The real scale of happiness

Today’s contributor found that seeking a more spiritual sense of her identity freed her from an unhealthy focus on her diet and weight.

Christian Science Perspective audio edition
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As a young teen, I did not think much about body image until my friend gifted me a diet book. Then I followed its advice, including notating everything I ate, as though it were sacred. However, this approach set me off on a roller coaster ride of happy and sad days, dictated by the bathroom scale.

This “scale of happiness” dogged my days for many years. One day, I realized I wished to be free of having my sense of happiness and self-worth dictated by my weight or food consumption. At this time, I was becoming a sincere student of Christian Science, so I turned to the Bible and the writings of Mary Baker Eddy, the discoverer of Christian Science, for inspiration to help improve the way I was thinking about food and my self-image.

One story in the Bible particularly resonated with me: that of Daniel, who was held captive by a Babylonian king, Nebuchadnezzar (see Daniel, chap. 1). The king wanted to specially feed and educate a few chosen captives so they might be fitted to serve him in his court.

Daniel, however, did not want to follow the decreed diet of wine and meat, perhaps thinking that the food had been consecrated to Babylonian gods. He asked for a very simple and somewhat sparse diet for himself and his companions, and this was granted provided they could prove, after ten days, that they looked as healthy as those who had been eating the king’s fare. According to the Bible story, at the end of the allotted time Daniel and his companions appeared “fairer and fatter in flesh than all the children which did eat the portion of the king’s meat” (1:15).

This story sparked a thought: Why didn’t the food seem to dictate the physical appearance of Daniel and his friends? I realized that Daniel was very close to God. He also acknowledged God as the source of wisdom and might (see Daniel 2:20). This inspired me to see that, like Daniel, my true identity and sense of self-worth came from a spiritual source: God. I began to see that it had nothing to do with what I ate or what I saw in the mirror. I saw that I needed a new conception of my being. Echoing an idea I had appreciated in Mrs. Eddy’s “Miscellaneous Writings 1883-1896,” I realized I too could say, “I will gain a balance on the side of good, my true being” (p. 104).

I understood this true being to be the reflection of God, because the Bible’s first book, Genesis, says that God made man (each of us, male and female) in His “image” and “likeness.” The Bible also says that God is Spirit, and so the teachings of Christian Science conclude that each of us, as God’s image, is truly spiritual. Understanding this has a healing impact on our experiences.

As I considered these ideas, the impact of this understanding was enabling me to see that I was not subject to material forces and fads, and this lifted a great weight off my thought. I found that I no longer needed to stand on the scale each morning, as I had discovered that the real “scale of happiness” has nothing to do with a matter-based emotion. It comes from realizing the truth of our being as God’s deeply loved offspring and expressing spiritual qualities such as goodness and joy in our activities.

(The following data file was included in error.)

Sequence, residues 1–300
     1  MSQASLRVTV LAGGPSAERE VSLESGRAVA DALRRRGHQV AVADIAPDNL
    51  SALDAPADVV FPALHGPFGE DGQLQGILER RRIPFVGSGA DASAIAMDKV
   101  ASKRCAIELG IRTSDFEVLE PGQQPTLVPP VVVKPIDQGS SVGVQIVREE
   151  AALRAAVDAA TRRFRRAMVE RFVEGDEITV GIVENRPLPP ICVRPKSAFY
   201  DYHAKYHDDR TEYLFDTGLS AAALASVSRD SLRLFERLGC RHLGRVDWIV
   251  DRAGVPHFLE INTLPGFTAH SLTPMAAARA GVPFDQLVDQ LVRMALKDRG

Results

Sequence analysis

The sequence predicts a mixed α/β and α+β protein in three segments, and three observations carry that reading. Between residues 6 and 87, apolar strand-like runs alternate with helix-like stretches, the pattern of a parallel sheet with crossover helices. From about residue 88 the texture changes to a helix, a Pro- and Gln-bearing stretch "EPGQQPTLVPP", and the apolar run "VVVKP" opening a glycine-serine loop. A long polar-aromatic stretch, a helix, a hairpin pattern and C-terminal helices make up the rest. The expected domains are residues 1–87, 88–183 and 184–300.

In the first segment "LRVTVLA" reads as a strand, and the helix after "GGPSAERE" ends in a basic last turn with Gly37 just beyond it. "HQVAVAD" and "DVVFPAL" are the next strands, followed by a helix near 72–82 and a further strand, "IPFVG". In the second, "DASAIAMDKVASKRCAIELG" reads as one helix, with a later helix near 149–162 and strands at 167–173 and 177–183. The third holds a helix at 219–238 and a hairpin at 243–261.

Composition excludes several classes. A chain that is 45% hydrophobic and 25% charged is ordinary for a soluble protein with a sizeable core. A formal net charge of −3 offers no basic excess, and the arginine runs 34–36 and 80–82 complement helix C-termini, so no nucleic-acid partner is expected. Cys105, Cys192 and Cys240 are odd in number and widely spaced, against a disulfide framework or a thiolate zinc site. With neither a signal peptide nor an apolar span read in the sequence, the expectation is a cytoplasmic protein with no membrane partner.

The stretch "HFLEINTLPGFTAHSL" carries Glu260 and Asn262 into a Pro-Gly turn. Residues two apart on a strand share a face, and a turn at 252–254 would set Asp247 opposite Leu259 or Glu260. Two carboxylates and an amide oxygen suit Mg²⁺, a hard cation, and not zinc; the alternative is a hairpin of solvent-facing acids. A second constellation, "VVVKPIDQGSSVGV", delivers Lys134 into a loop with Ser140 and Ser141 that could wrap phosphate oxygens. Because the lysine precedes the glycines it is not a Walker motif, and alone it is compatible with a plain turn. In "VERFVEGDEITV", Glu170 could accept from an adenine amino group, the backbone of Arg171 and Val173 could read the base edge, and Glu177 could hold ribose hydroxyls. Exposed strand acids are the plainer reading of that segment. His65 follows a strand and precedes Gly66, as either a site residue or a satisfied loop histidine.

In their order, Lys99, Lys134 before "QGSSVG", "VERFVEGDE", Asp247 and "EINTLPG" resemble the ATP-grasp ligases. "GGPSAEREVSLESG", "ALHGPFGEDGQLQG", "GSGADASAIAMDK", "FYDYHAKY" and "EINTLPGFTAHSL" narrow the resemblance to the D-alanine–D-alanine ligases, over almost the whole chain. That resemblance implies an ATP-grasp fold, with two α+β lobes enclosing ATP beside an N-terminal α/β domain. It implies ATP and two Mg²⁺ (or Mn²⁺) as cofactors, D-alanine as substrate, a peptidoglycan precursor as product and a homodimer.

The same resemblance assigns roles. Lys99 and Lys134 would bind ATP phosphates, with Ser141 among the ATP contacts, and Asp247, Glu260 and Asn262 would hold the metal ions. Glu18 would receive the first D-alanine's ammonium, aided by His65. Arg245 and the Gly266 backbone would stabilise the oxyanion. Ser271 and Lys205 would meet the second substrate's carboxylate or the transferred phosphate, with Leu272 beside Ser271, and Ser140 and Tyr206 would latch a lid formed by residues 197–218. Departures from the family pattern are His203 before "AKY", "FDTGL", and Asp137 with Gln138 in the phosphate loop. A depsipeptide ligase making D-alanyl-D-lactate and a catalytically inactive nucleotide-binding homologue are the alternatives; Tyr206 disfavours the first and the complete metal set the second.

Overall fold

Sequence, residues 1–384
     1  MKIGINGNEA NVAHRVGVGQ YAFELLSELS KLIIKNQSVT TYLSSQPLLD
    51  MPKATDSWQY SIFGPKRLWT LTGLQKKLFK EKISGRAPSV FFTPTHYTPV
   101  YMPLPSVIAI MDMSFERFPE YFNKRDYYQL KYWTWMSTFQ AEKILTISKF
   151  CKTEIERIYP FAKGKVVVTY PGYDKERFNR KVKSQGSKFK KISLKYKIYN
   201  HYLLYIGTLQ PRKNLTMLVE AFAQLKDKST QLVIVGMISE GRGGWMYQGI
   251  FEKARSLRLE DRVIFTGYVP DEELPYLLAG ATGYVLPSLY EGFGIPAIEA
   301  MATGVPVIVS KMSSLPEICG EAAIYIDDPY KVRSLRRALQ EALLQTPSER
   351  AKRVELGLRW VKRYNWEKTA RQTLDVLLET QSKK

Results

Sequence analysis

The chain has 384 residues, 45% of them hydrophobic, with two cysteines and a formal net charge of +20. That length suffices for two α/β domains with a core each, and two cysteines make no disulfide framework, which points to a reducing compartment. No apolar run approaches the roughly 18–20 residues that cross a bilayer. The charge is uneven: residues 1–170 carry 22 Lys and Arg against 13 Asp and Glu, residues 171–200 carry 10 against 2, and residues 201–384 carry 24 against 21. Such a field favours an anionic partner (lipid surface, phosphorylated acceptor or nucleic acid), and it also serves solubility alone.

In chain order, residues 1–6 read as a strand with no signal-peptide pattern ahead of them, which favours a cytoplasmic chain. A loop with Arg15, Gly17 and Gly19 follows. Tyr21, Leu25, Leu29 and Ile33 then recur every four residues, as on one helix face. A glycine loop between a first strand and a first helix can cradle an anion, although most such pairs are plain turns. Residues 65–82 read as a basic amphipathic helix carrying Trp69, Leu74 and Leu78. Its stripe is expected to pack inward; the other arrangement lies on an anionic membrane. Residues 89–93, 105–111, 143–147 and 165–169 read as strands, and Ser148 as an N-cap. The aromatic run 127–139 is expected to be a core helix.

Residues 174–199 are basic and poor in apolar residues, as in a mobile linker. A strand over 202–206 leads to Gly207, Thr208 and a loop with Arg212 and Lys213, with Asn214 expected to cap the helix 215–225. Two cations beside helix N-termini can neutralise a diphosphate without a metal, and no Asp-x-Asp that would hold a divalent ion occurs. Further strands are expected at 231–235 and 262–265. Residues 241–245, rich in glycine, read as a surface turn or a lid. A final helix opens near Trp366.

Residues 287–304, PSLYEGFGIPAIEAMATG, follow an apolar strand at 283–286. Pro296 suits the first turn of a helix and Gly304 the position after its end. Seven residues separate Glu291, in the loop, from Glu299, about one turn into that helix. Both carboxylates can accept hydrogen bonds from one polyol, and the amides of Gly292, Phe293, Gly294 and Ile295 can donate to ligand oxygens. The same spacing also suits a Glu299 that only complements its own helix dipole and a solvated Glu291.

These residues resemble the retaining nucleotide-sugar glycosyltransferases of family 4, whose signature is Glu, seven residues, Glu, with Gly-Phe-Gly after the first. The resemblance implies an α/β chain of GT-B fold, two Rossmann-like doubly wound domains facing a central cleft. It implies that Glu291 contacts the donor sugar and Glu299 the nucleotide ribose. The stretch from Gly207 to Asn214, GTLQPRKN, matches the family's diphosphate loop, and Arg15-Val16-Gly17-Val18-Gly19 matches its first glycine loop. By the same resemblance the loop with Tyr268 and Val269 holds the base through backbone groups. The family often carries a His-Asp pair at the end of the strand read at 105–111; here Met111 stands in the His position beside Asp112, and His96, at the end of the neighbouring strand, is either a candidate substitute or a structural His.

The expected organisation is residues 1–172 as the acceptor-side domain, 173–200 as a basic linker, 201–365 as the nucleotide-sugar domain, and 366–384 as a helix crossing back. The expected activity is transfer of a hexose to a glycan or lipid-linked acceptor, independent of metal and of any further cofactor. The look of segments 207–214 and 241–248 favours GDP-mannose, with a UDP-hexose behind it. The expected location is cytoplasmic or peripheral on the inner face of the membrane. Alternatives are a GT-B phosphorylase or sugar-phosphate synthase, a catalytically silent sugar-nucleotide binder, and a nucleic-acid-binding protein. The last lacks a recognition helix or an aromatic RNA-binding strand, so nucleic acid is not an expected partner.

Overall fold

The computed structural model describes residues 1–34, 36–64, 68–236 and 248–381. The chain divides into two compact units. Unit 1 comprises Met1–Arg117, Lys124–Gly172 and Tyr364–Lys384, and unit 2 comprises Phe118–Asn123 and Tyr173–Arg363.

I began to lose the weighty thought that my worth had anything to do with how I looked physically. It wasn’t that I stopped caring about how I looked. Rather, the idea of the spiritual completeness, beauty, and joy of God’s creation, and my freedom to express such qualities, gained more weight in my thinking. As this mental shift took place, I found I was expressing more of those qualities in my life, and a sense of balance in my weight and food consumption came naturally. I became less focused on what I ate and one day realized another outcome had naturally resulted: I’d been opting for more appropriately sized portions.

Understanding more of our true nature as God’s beloved child, cared for in every way, lifts the burdensome sense that we are limited mortals subject to variables. Then we see and feel more of God’s love and goodness in our lives.

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Dear Reader,

About a year ago, I happened upon this statement about the Monitor in the Harvard Business Review – under the charming heading of “do things that don’t interest you”:

“Many things that end up” being meaningful, writes social scientist Joseph Grenny, “have come from conference workshops, articles, or online videos that began as a chore and ended with an insight. My work in Kenya, for example, was heavily influenced by a Christian Science Monitor article I had forced myself to read 10 years earlier. Sometimes, we call things ‘boring’ simply because they lie outside the box we are currently in.”

If you were to come up with a punchline to a joke about the Monitor, that would probably be it. We’re seen as being global, fair, insightful, and perhaps a bit too earnest. We’re the bran muffin of journalism.

But you know what? We change lives. And I’m going to argue that we change lives precisely because we force open that too-small box that most human beings think they live in.

The Monitor is a peculiar little publication that’s hard for the world to figure out. We’re run by a church, but we’re not only for church members and we’re not about converting people. We’re known as being fair even as the world becomes as polarized as at any time since the newspaper’s founding in 1908.

We have a mission beyond circulation, we want to bridge divides. We’re about kicking down the door of thought everywhere and saying, “You are bigger and more capable than you realize. And we can prove it.”

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